What Childhood Cancer Takes Away

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Manfred Antranias Zimmer via Pixabay

Nearly 16,000 kids in the U.S. are newly diagnosed with cancer each year — 43 every single day. According to the National Cancer Institute, nearly 2000 children and adolescents up to age 19 die of cancer each year.

Maybe the numbers don’t sound that high and that’s why only 4% of U.S. federal funding is dedicated to childhood cancer research. Trust me, 4% is not enough.

For my daughter, 4% means they dont know how to stop her cancer from growing. Even after four years of treatment with surgery, standard chemotherapy, targeted chemotherapy and radiation, the cancer continues to progress.

Since the age of 11, my daughter has had to undergo treatments designed for adults. Four percent means cancer gets to keep taking things away from my daughter and my family.

By now, most families with school-aged children have a comfortable daily routine. They’ve settled into a ritual of scheduled days and homework-filled nights, and are likely anticipating summer vacation. Those packed lunch boxes, bulging backpacks, and twice weekly after school clubs are a psychological safety net. They keep you grounded, give you and your kids a sense of purpose.

You might not think you’d miss the predictability of your life if it went away, but I’m betting you would. That safety net of routine is one of the first things that cancer takes away.

Imagine that on top of work, school, extracurricular activities, self-care necessities (flu shots, dentist appointments, haircuts) you also spent 2 to 5 hours a week on the phone with the insurance company, trying to get your child’s key life saving medication preauthorized (again)?

Imagine fitting in weekly visits with hospice, weekly or bi-monthly visits to the lab for blood draws and day-long appointments for scans and blood transfusions?

Imagine that your carefully planned weekend, which includes some down time and a few hours tucked away to do something you love (read, knit, ride your bike) got side tracked because your child had intractable chest pain and spiked a 103-degree fever?

You’d have to figure out what to do — spend hours on the phone tracking down physicians, getting prescriptions, and assess whether it’s a true emergency or a weird quirk of cancer (the temperature spike was from too many blankets and a heating pad).

Imagine, after a weekend of frantic worry, your child is now stable and even well enough to go to school on Monday.

Now, you’re sitting in front of the computer, trying to wrap your head around the idea that this could be a normal day of work, a productive day, a day you pretend is just like everyone else’s day and then someone from a respiratory therapy company calls.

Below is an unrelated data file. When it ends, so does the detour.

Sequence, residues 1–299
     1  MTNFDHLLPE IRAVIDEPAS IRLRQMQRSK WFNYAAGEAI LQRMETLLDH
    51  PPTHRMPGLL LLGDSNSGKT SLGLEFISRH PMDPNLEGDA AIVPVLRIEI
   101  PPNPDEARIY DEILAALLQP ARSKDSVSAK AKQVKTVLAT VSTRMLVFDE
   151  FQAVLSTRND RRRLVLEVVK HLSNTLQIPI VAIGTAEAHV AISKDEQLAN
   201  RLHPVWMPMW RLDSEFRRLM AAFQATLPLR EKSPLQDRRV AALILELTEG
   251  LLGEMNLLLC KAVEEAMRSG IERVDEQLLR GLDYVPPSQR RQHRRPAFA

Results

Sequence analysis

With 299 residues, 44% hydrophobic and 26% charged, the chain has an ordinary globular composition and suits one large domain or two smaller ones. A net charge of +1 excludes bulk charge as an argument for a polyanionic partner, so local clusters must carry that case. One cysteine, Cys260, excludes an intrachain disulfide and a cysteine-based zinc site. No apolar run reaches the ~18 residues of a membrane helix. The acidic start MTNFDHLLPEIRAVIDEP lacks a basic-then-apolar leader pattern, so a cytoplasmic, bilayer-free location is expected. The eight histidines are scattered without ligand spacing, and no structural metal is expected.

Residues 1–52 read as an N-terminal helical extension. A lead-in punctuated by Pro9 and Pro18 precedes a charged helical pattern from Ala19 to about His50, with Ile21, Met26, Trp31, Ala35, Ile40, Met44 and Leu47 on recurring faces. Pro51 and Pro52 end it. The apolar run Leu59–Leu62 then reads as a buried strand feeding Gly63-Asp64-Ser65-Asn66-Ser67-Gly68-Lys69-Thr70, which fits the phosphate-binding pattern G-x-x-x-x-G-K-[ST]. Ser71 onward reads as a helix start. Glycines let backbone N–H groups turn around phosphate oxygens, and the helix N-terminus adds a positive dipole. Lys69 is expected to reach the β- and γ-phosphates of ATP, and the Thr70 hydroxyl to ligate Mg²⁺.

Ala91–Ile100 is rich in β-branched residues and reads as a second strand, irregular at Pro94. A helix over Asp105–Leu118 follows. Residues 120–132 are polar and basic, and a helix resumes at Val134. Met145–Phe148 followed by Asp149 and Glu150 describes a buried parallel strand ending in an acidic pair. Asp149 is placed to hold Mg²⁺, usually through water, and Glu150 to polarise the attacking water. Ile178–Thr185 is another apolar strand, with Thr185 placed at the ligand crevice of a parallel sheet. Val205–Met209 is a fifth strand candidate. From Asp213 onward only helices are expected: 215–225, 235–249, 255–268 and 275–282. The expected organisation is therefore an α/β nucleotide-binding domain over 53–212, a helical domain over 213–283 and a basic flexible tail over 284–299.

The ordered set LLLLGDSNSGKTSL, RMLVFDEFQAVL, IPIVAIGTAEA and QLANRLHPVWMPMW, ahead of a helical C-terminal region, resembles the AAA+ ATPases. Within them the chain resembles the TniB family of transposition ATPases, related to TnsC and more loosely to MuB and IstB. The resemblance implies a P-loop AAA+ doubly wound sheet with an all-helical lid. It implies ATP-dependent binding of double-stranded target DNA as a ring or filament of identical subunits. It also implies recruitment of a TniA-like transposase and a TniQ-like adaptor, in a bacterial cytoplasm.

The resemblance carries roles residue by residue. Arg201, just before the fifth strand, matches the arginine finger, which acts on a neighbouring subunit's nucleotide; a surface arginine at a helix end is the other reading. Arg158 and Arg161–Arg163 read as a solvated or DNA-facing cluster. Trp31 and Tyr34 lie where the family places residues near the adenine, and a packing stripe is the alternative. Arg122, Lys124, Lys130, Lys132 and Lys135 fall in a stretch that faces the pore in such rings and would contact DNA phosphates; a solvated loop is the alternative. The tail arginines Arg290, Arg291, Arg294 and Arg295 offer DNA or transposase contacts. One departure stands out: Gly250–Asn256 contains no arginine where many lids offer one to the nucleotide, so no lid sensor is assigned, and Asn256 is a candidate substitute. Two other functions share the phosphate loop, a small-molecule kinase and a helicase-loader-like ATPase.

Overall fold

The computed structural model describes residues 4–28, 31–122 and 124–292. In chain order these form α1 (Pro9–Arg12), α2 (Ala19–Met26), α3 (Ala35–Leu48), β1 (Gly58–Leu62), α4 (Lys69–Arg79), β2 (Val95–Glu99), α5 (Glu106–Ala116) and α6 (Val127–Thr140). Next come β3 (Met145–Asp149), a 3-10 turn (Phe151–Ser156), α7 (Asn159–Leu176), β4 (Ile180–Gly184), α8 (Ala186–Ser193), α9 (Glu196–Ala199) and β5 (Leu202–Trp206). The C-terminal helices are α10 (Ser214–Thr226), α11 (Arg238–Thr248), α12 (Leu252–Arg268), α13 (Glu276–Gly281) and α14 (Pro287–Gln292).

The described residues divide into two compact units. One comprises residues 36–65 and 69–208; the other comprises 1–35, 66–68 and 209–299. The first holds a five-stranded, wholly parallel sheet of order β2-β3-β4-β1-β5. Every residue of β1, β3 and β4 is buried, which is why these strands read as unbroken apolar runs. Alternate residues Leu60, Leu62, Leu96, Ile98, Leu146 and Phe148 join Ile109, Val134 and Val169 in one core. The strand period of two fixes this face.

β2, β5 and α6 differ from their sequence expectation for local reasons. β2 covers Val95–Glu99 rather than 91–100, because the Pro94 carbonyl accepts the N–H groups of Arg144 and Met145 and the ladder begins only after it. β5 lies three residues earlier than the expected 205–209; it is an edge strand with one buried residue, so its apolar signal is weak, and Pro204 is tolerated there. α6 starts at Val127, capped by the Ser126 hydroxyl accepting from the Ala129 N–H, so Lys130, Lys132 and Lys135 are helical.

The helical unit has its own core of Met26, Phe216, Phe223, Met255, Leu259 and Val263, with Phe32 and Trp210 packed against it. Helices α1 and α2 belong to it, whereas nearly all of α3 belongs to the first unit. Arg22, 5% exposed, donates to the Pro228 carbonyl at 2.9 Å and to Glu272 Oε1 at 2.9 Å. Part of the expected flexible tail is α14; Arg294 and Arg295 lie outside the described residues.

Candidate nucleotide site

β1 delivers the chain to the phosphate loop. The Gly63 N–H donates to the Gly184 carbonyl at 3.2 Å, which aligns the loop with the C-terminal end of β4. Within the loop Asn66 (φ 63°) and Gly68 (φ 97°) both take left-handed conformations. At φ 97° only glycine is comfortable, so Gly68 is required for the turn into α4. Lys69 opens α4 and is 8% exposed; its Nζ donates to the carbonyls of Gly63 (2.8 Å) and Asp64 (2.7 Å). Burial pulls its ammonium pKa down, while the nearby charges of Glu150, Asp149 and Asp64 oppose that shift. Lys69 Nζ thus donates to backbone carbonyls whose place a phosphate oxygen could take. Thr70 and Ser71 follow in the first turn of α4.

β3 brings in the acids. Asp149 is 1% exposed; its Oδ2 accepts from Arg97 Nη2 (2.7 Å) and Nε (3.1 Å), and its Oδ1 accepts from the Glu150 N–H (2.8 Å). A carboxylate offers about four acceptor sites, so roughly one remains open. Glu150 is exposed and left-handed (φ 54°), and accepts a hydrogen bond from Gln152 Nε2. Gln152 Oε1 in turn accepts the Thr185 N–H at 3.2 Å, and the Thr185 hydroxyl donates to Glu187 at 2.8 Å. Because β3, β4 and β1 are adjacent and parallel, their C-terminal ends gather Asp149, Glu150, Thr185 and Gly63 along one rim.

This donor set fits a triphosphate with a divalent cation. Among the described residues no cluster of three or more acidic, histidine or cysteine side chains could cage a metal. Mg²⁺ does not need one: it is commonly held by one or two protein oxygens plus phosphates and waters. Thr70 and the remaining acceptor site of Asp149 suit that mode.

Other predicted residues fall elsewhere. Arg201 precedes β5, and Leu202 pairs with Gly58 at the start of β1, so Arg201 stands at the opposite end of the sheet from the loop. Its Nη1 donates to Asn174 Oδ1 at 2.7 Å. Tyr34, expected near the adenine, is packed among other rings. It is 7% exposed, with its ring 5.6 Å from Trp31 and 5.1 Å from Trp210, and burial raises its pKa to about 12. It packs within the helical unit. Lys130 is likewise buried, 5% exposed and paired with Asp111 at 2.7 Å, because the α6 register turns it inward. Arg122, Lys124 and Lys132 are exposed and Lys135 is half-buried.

That productive moment is lost because after you get off the phone, all you can think about is the supplementary oxygen they’re about to deliver, and the fact that your daughter can’t light candles anymore (something she loves) because it’s too dangerous.

Most people with even a peripheral knowledge of cancer are aware of the obvious things we lose to this disease (health, life, independence), but childhood cancer takes away so much more from children and families — like candles and weekends.

I used to have a tangible sense of a time “before cancer” vs. “after cancer.” In the first weeks after my daughter’s diagnosis, I was in a constant state of deep grief, trying to accept that my once healthy, normal child was now desperately ill.

I’d walk around the house during her long hospital stays and see reminders of our old life everywhere — a pile of untouched art supplies, a photograph of her and her sister playing at their favorite park, hairbands that she no longer needed.

These days I don’t have to remind my daughter to text me when she takes her medication. She’s 15 and has lived with cancer for over four years. She knows enough about her body to alert me when something is wrong. She recognizes what tumor pain feels like. She coaxes her younger sister out of her bedroom because she knows how important it is for them to spend time together.

She is a gift — this strong young woman who has emerged from a hellish four years of uncertainty, pain and heartache. But that same sense of sorrow I had when looking at the reminders of my healthy child now overwhelms me with each passing day. Because 4% is not enough to stop what’s coming.

I’m acutely aware of each moment. It may sound amazing to be fully present, but it’s not actually as Zen as it seems. I’m living these moments with a sense of desperation, feeling each one fully, mourning them as they pass by. I’m hypersensitive to every transient second — grains of sand slipping through my fingers.

Cancer has taken away my mojo. It’s mired me in the moment in the worst possible way. I’m frozen, a deer in the headlights, watching helplessly as my worst fear gets closer.

And it’s not just my family, not just my child, out here in cancerland, hoping for a cure. A thousand versions of this nightmare are being played out in a thousand other homes, ten thousand, a hundred thousand.

We think about the big things cancer takes away all the time — holidays, birthdays, the first day of school — but there are a million small things it takes away too. Family dinners — ruined because of nausea, relaxing baths — not possible due to infection risk, favorite foods — off limits due to medication interactions, and so much more.

We all need to be aware, not just those of us in the trenches. Together we can move the needle so someday this diagnoses won’t be so devastating.

A version of this story was originally published at www.huffpost.com on September 22, 2016. My daughter died six months later. Now, I write about grief.

Occasional poet. Writer of sad essays. Novelist. Birder and amateur photographer. I enjoy trees.

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